Both Harvey and Erica Berger point out that the recent loss of rental houses like the Royal George and Stage 773 (which is moving away from being a multiple-theater venue in favor of being an “immersive art playground,” as executive director Jill Valentine told the Tribune) means that there is a need for more spaces like the Studebaker and Playhouse. The plans right now call for the remodeled Studebaker to hold around 600-650 seats (a size that is hard to come by in the Chicago rental market), and for the Playhouse to offer flexible seating that could contain a maximum of 400, depending on the needs of the company.
The hope is that in addition to providing performance spaces for companies already in residence at the Fine Arts, the theaters can eventually incorporate organizations from across the city who are looking for an affordable downtown presence.
Berger says, “We hosted a conference called Breakout at the Studebaker a few years back, which did a lot of work engaging folks in town and out of town with social entrepreneurs on the south and west side. And that was when I really realized, because of our location, we have a huge opportunity to create more interdependence and interconnectivity and coalitions between folks in all different parts of the city. We’re just more accessible and we’re further south, so that would be a dream of mine to have more collaboration across different parts of town and have that live at our theater.”
Harvey also points out that, especially with the loss of the Royal George, there is a need for a midsize rental house downtown that can host out-of-town artists looking for a Chicago foothold. “Producers, theater companies, when they plan their tours or they plan something out of town, Chicago is always a place where people say they want to come, but are unaware of the options that they have here that are not, you know, partnering with a giant nonprofit or being part of the Broadway in Chicago machine. So there is an in-between place where a small tour or an out-of-town production can happen and sort of help fill that void.”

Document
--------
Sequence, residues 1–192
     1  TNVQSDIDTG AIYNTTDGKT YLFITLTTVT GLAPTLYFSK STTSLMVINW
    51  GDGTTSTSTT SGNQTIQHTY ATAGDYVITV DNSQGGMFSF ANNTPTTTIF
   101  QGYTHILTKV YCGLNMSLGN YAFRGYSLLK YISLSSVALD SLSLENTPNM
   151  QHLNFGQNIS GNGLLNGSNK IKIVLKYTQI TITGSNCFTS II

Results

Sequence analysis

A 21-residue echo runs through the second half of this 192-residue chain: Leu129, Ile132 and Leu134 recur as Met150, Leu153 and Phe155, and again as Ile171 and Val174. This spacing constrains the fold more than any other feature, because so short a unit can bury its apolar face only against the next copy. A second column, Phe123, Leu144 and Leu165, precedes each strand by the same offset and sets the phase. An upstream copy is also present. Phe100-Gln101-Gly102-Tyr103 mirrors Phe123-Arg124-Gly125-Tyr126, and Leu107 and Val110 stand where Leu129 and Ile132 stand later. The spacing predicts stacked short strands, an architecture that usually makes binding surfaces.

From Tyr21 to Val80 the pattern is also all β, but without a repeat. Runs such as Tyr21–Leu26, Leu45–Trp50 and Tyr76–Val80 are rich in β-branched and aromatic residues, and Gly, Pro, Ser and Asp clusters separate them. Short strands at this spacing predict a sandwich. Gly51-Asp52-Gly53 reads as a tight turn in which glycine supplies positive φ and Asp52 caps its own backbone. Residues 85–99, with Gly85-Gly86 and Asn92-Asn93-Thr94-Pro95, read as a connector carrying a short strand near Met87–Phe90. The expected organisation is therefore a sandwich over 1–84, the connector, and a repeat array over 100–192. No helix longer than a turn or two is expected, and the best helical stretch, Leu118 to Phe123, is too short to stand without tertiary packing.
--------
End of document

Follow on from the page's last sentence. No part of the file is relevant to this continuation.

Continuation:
Using the existing tenants as part of the creative fabric is also in the works, according to Harvey. And that doesn’t mean just the performing arts tenants; Harvey floats the idea of partnering with the Dial Bookshop for readings tied into performances, for example.
Rentals are already filling the calendar next spring for the Studebaker, according to Harvey, and the Playhouse should be available shortly afterward.
Building the next part of the Fine Arts Building’s history, in Harvey’s view, honors what came before.
“This is the home of one of the original artist colonies in Chicago. So a big part of what I’m undertaking on top of, or included with, building out these performance spaces to be functional again is also to rebrand and rebuild awareness of this artistic hub in the middle of downtown that’s right across the street basically from the Art Institute, and reintroduce the public and the arts community to this building.”
Playwright plaudits and opportunities
Every year, the American Theatre Critics Association selects the winners of the prestigious Harold and Mimi Steinberg/ATCA New Play Award, recognizing the best plays to open outside New York City the previous year. Despite the truncated nature of the 2020 season, Chicago productions and playwrights cleaned up this year. The top prize of $25,000 went to J. Nicole Brooks for Her Honor Jane Byrne, which had just opened at Lookingglass before the shutdown and which is slated for a remount there this fall. Additionally, Brett Neveu and Jason Narducy received a Steinberg citation for their punk-rock musical Verböten at House Theatre, and khat knotahaiku’s graveyard shift, which had its world premiere at the Goodman, also received a citation. (The citations come with a $7,500 purse.) ATCA’s M. Elizabeth Osborn Prize and $1,000 went to Douglas Williams for SHIP, produced at Philadelphia’s Azuka Theatre.